The Worst Thing That Could Possibly Happen

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Well, maybe not the worst thing. There are a LOT of terrible things happening in the world right now. The stock market is fluctuating like crazy, monster storms are flooding cities, people are shooting other people instead of talking to them. Those things are the actual worst things that could possibly happen.

But for a writer who’s been off his game for a while and then just starting to get right back on his game, the worst thing that could happen, happened. Right in the middle of some really important writing that I did not back up, my computer just gave up the ghost and went blank on me.

I had just gotten several great pages done on a new solo show I’m working on. This one is big. It’s life changing. I’ve avoided writing this one for years, that’s how close and important it is to me. It’s about my dismal days working on a big Broadway tour and how I almost didn’t survive those days.

I decided to finally sit down and really start working on it because I’m in a hotel room in Newark, Delaware, away from the family to do an acting gig. It’s the perfect set up to get some writing done. I had a few days off because my scenes are all in the second and third acts of the Feydeau farce we’re doing.

I could feel a good idea coming on. So, I paced around the room. I drank some water. I took some notes on a legal pad. LOTS of notes. Suddenly I knew where I would start and what I would call the piece. I opened up OMM Writer (a great writing app) and zen-ed out while I bled words. I got just about as far as I could before I had to go to rehearsal. I was elated and exhausted and excited, all at the same time. (That’s a lot of “e” words, but I guess emotions are somehow tied to the letter “e”.)

I saved my file and closed everything down and went to rehearsal. I thought about backing the file up, but then thought, “What could happen between now and later?”

When I came back to the hotel, I talked with my family for a while on Skype and then decided to watch “Fear the Walking Dead” on AMC.com. I thought of it as “research” because some of my years on the big Broadway tour were like being one of the walking dead.

Everything on the computer was running a bit slowly. The ads were loading strangely, the computer kept freezing up. I thought it was just the crappy internet that the hotel lets you use for free. Then, suddenly, like a zombie jumping out from behind a door, the computer froze up, the screen turned into a bunch of horizontal lines that wavered and shook and then the screen went black.

Uh-oh.

I tried rebooting the computer. It’s an old MacBook Pro. The Apple symbol came up. Good.

Then the screen went black for the video test.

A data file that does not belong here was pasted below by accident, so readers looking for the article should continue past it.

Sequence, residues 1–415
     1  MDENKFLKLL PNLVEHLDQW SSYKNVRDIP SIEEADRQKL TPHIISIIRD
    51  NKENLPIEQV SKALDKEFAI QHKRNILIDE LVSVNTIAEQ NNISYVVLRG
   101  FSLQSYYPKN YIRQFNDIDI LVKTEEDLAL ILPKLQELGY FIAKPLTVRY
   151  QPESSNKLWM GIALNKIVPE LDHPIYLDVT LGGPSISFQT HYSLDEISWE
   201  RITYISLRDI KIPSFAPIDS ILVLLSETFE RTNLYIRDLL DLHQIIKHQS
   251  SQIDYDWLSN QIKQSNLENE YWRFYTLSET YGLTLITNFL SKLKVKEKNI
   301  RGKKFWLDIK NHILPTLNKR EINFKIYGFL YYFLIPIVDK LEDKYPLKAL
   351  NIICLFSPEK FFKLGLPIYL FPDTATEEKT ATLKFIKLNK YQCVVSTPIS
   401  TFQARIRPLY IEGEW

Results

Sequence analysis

Fine.

Then…the dreaded gray screen hang.

I did some searching on my phone about how I might be able to fix it. I tried rebooting it to safe mode. The computer belongs to a college, so there is a firmware password. I couldn’t boot it. I could just take it back to IT at the college, but it’s over three hours from where I am now. Plus, they might have to wipe everything. I wanted to try to save it first.

So, I tried buying a Thunderbolt cable and booting it as a target disk to another Mac. Nothing.

I tried removing the hard drive and getting an e-SATA cable and hard drive enclosure and plugging it into a PC. Well, the pretty blue drive light comes on, but at the hotel’s PC I have no access to it’s hard drive so I was still out of luck.

I left the hotel and carried the darn thing around campus for several hours looking for a computer. No luck. School is not back in session yet, so no Mac labs are open. I tried the PC lab. No luck there. The library was closed. The classrooms are all antiquated and only have plugs for PC laptops. The bookstore was closed.  I was hoping it was open so I could just walk up to their Mac sales display and plug this thing in. I really want those opening pages.

But it’s not just the pages for the solo show. I was also going to publish my second children’s book this week. Now I can’t. The formatted book is on the Mac.

I was making great progress on another play I’m writing. I can’t work on that either.

I was several pages into a short film we want to shoot this winter. That’s in there, too.

All in all, I’ve put in about 25 hours trying to get this information back. Hopefully, I’ll be able to use the e-SATA cable with a Mac tomorrow and I’ll report back that I was able to recover the information.

If not, I guess I’ll have to try to reproduce what I originally wrote. I know I can get close to it, maybe even make it better. But there’s something about that feeling you get when you just know something is working and it’s good. That kind of experience is hard to repeat.

I guess the moral of the story is ALWAYS back up your writing. Every time. Otherwise, you’ll end up like me, a poor lost soul wandering a huge university campus in search of a Mac computer, hoping that you can either retrieve those pages or remember them just as they were.

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Five Things I Learned About Writing from Being an IT Cable Tech

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I’m covered in drywall dust. It’s in my hair, my eyes, the creases of my skin. My blue jeans are cloudy white from all the dust covering them.

As I walk, little puffs of drywall dust, fall from my shoulders. I spent most of the day as a cable tech for a small IT Telephone Installation company doing the telephone and computer cables for a methadone clinic that is moving into a new building.

I worked 10-and-a-half hours today, never sitting, always thinking about what to do next, trying to figure out how to accomplish the tasks that needed to be done. As I stood on that ladder all day, my head in the ceiling, I realized that what I was doing was a lot like trying to get a first draft completed.